There are several testing platforms that provide online Android emulators to test the application or website in different browsers. LambdaTest is the well-known cloud based cross-browser testing platform that provides an Android emulator for running mobile application testing and browser testing at scale. It can test the Android and web applications on Mac and Windows in a few minutes. It can be done by uploading the .apk, .zip, or .app files onto LambdaTest cloud servers. Further, you can also use an Android emulator for Linux for cross-browser app testing.
Image source: LambdaTest
You can do cross-browser testing on google pixel emulators, Nexus 9 Emulator online, and many others. You just need to create an account with LambdaTest; from the left panel, you need to click on the Real Time Testing option and then select the App Testing tab, followed by uploading android app. You can also select the Real Time browser testing option for the launching of the emulator for cross-browser testing on the LambdaTest browser emulator online.
There are other online Android emulators that directly help in cross-browser testing, like Genymotion, Android Studio, BlueStacks, and others. Apart from the above, platforms like TestingBot and HeadSpin provide online Android emulators for performing cross-browser testing. It helps to do both manuals and automated testing on various browsers. You can also record videos of the complex bugs and share them via integration like Slack and Microsoft Teams. The speed of the testing can also be increased by running the browser testing parallelly.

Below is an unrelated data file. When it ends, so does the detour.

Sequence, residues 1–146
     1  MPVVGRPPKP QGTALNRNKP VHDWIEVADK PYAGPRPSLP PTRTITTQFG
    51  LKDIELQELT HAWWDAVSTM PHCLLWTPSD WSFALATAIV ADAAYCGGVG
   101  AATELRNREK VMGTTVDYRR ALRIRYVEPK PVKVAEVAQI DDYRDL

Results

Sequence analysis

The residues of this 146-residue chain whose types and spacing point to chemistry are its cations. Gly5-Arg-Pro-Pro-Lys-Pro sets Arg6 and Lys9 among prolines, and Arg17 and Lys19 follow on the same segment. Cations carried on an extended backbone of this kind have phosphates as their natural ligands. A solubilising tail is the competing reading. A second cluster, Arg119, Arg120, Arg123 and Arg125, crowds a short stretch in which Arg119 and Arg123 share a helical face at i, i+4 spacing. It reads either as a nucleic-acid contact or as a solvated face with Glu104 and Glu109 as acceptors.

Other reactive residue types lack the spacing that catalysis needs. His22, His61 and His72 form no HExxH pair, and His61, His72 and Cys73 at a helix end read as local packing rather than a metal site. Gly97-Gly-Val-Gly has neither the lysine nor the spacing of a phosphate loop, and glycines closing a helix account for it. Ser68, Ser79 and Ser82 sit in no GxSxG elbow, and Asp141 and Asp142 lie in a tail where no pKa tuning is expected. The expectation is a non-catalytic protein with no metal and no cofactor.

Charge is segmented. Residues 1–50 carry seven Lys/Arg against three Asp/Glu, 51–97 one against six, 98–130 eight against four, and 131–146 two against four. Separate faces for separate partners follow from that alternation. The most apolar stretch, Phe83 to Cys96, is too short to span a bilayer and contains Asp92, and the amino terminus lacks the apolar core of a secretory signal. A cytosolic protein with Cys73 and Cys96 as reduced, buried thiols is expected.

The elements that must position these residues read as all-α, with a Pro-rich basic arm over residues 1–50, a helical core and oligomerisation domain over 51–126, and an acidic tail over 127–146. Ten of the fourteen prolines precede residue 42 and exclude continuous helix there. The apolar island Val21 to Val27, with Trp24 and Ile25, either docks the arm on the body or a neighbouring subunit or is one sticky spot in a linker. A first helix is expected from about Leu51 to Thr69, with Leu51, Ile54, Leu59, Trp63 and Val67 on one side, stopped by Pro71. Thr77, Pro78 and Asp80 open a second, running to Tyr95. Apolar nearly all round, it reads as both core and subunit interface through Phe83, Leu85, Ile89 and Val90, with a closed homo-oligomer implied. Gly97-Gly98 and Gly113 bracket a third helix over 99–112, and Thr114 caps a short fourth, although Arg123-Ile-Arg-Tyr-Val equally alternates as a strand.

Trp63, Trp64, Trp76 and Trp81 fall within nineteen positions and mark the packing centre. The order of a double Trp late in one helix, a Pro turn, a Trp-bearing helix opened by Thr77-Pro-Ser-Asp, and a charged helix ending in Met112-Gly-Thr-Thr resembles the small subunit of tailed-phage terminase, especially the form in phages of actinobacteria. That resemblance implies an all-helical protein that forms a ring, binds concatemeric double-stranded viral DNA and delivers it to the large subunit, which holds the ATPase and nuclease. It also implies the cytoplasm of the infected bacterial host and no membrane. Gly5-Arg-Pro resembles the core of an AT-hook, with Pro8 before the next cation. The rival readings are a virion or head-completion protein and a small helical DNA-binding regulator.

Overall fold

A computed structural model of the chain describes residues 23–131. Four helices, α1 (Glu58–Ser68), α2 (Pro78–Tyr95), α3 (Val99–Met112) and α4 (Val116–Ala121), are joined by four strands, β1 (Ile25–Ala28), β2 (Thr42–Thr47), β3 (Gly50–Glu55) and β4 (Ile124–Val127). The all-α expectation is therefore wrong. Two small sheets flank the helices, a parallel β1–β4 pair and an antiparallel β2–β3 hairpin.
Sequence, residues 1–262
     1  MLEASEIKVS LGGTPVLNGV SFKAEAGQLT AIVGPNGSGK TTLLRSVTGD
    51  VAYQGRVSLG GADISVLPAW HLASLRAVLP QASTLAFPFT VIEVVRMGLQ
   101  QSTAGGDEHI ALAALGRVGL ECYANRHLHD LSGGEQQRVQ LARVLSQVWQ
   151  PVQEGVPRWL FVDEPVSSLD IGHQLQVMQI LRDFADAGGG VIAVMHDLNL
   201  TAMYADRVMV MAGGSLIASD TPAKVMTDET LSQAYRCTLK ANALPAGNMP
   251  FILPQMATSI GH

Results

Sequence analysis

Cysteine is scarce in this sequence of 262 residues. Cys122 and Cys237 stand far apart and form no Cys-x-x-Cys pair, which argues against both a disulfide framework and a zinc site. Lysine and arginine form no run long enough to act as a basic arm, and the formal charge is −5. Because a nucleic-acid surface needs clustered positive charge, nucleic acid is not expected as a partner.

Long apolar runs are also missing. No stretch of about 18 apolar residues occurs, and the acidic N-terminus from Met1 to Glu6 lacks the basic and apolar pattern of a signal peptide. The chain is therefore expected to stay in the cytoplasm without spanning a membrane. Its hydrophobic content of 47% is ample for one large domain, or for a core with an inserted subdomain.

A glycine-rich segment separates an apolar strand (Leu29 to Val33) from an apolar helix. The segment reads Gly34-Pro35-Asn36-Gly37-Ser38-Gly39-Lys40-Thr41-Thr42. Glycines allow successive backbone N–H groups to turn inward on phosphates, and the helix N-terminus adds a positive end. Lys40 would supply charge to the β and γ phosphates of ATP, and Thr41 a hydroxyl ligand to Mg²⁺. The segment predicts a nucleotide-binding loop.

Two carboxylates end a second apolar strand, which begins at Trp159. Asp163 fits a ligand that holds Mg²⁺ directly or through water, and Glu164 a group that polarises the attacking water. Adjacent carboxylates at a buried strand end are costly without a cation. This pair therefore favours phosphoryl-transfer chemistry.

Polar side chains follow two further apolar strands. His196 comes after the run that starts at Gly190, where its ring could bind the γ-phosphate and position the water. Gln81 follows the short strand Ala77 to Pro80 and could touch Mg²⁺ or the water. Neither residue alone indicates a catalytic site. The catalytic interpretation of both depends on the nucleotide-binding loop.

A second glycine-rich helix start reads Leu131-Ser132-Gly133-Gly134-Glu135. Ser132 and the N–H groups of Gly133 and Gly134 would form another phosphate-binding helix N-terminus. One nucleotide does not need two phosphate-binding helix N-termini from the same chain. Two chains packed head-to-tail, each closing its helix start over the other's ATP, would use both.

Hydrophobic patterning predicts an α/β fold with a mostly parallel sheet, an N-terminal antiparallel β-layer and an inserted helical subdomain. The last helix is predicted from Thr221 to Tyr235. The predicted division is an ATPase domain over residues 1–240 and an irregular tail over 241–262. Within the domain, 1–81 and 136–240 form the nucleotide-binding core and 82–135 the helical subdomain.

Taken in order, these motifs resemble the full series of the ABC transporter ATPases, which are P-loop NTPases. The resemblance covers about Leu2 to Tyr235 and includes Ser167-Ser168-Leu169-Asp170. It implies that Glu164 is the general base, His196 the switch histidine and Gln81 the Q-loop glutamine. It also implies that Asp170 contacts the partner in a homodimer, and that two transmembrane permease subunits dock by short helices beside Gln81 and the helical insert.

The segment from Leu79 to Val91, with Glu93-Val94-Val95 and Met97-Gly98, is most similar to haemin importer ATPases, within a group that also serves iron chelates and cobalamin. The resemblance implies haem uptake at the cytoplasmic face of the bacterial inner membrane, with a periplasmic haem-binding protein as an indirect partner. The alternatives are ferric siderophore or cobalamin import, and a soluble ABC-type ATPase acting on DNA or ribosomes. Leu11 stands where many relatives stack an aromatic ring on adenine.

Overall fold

Advantage of Android emulators in cross-browser testing
- The most crucial advantage of Android emulators is their price effectiveness. It is freely available or present at a very affordable rate. You only require to download the software and install the application, and you are done.
- It can run locally and is less dependent on real devices. Further, it runs faster than the real devices connected to the cloud and local network.
- It also gives access to comprehensive information of debugging which has importance in the development phase.
This blog has presented detailed information on the use of Android emulators for cross-browser testing, which can help you to get started with the testing process. Android emulators have revolutionized the device ability and experience of the user. If you want to use Android emulators for cross-browser, you can use the online platforms available for a faster and more accurate response on testing. It is also crucial to note that different Android emulators have their own set of system requirements. Therefore, to get an understanding of the use of Android emulators, the blog has also highlighted deep information on its working.